Where the Heart Is by Billie Lets (available at Saint Michael’s College)
The book that the movie is based on (and I’m obsessed with them both). The kind of sweet, heartfelt book that can be read in a day. When pregnant Novalee Nation is abandoned in Oklahoma by her boyfriend, she starts living in a Wal-Mart until she finds the community around her are willing to help her and embrace her as one of their own.
A Match Made in Mehendi by Nandini Bajpai
High school sophomore Simi and her best friend Noah turn their high school on its head when they decide to create a dating app for their school based on the strategies used by the long line of matchmakers in Simi’s family. A fun, sweet, young adult rom-com.
Save Yourself by Cameron Esposito (not available at a library currently, but it’s too good not to share)
Cameron Esposito’s memoir will make you laugh out loud (just like her stand-up comedy does) while also addressing the serious issues she’s encountered in her life. She talks openly and candidly about religion, coming out, and what it means to be who you are.
Once Upon a River by Diane Setterfield
This novel is an intriguing story about stories. A lifeless little girl is found in the river. Hours later she is breathing and awake. She becomes a story of her own even as three separate families try to claim her. Folklore, science, magic, and myth combine to create a story unlike any other.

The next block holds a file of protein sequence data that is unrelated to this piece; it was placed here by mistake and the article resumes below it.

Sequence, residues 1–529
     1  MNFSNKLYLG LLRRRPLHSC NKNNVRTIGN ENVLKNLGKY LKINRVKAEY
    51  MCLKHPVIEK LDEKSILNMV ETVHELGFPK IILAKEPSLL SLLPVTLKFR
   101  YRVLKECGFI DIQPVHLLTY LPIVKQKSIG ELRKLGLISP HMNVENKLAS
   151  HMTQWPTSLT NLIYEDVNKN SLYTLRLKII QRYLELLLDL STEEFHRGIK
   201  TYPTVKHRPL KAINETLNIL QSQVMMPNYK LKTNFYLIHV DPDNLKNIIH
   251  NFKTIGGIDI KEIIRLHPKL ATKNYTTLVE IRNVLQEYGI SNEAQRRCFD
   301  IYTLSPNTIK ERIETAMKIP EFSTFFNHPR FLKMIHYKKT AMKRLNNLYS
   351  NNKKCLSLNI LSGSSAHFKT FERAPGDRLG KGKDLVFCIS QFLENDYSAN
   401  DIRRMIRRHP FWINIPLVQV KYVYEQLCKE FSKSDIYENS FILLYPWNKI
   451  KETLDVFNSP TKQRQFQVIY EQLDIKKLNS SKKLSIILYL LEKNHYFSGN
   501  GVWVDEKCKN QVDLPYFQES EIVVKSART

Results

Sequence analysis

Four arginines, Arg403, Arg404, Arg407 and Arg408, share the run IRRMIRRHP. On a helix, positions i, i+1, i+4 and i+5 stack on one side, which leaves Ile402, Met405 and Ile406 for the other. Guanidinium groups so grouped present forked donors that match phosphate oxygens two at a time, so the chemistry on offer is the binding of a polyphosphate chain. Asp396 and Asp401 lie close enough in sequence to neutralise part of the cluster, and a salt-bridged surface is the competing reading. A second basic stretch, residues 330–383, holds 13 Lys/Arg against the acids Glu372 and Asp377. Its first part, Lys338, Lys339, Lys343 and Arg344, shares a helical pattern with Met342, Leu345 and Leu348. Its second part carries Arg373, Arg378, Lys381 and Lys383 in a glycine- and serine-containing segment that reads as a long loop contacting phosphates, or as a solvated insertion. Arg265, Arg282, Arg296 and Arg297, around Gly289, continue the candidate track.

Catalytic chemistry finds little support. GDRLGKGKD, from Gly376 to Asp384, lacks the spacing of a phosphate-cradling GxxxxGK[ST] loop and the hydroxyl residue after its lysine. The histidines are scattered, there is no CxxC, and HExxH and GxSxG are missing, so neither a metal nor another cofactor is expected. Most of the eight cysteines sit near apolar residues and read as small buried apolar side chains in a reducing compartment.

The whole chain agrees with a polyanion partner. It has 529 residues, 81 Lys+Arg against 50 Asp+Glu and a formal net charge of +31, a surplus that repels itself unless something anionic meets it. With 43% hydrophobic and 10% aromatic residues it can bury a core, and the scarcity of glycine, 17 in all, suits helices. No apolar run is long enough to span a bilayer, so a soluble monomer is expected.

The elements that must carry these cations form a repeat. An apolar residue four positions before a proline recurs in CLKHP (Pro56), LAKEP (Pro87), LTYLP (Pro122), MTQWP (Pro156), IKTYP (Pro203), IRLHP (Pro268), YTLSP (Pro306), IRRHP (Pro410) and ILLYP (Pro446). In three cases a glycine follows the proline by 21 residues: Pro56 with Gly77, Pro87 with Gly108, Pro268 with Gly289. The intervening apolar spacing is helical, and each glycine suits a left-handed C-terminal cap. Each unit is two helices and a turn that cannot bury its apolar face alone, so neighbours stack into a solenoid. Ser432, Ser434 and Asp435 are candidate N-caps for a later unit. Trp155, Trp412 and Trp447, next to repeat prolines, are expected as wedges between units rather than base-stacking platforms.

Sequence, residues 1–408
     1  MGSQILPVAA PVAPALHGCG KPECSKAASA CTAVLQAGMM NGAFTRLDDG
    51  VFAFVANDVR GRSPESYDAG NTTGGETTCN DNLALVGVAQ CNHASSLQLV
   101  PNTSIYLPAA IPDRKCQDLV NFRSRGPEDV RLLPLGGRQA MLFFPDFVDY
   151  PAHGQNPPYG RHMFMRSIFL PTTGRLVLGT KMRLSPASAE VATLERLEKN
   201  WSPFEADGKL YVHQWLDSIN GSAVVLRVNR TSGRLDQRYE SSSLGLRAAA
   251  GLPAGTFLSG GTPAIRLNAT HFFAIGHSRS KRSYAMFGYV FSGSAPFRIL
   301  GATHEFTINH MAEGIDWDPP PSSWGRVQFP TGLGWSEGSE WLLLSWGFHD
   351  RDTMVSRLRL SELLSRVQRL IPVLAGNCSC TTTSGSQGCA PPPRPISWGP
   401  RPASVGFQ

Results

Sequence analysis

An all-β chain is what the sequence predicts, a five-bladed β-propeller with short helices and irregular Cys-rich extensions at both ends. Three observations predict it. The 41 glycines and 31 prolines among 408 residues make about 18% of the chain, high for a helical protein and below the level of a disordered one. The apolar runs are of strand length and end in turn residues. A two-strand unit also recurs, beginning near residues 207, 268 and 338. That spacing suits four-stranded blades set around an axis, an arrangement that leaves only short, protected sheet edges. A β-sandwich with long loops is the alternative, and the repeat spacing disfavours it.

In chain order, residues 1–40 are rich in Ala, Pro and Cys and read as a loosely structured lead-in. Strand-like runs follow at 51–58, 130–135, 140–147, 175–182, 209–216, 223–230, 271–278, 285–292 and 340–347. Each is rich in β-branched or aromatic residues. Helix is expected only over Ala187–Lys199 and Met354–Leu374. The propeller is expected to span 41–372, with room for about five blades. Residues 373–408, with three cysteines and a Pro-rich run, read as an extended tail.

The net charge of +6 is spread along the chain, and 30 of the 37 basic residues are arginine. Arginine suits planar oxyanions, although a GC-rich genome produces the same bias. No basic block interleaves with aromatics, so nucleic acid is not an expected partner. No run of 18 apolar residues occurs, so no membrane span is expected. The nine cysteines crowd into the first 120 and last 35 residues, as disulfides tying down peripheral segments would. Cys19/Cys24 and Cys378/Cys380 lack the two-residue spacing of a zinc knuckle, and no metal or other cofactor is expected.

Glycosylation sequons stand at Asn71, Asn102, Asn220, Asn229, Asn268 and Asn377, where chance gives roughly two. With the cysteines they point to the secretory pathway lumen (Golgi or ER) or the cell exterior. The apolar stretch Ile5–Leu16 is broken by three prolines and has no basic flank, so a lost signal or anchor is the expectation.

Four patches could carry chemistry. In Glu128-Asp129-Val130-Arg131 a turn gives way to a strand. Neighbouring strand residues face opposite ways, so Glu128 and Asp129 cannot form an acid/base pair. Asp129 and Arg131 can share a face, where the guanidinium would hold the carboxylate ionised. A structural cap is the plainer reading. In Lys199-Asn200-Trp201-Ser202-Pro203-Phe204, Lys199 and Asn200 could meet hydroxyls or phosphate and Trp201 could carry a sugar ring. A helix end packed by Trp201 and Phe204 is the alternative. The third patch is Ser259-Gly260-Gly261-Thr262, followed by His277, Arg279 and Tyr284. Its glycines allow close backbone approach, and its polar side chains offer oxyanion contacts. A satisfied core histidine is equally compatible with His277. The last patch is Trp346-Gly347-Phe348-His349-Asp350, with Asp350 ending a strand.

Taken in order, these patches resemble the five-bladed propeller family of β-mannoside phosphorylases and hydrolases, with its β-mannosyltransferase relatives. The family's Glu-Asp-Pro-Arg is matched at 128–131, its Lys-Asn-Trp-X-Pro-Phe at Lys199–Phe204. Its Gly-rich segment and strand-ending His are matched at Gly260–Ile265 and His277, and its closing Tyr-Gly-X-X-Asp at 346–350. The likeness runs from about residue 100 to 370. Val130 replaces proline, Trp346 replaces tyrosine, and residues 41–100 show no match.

The Neapolitan Novels series by Elena Ferrante (available at Saint Michael’s College)
This 4-part series begins in the 1950s in Naples, Italy, and follows two friends Elena and Lila, from childhood to old age. As a reader, I am transformed into every part of their deeply entwined lives. These novels contain so many themes – friendship, poverty, gender, education, and community. Elena and Lila’s complicated and complex relationship makes this series hard to put down!
The Blind Assasin by Margaret Atwood
This classic from the acclaimed author of The Handmaid’s Tale has a bit of everything: Southern (Ontario) Gothic, Science Fiction adventures, family secrets that play out over generations, labor agitation, and forbidden love. Atwood’s wit, language play, and attention to the materiality of things are at their height in this page-turner.
Theodora: Actress, Empress, Saint by David Potter
Would you believe that one of the most powerful and impactful female rulers of the Medieval era began her life in a poor showbiz family, only to go onto marry the Emperor, stop a coup, build the Hagia Sofia, and so much more? This non-fiction book traces what we know and what we don’t about the Empress Theodora of the Byzantine Empire in inviting, highly readable prose.
The Less Than Epic Adventures of TJ and Amal by E. K. Weaver
This graphic novel, which began its life as a webcomic, lets us live vicariously through a summer road trip that many of us have had to forego this year. Both Amal and TJ, united by a late-night encounter at a gay bar, need to get from California to Rhode Island. While Amal is trying to catch his sister’s graduation–and avoid his parents and now-ex-fiancee after coming out as gay–TJ’s reasons for taking the trip are kept more private. Together, they explore many of the greatest sights across America, but can they form an enduring bond?
Kindred by Octavia Butler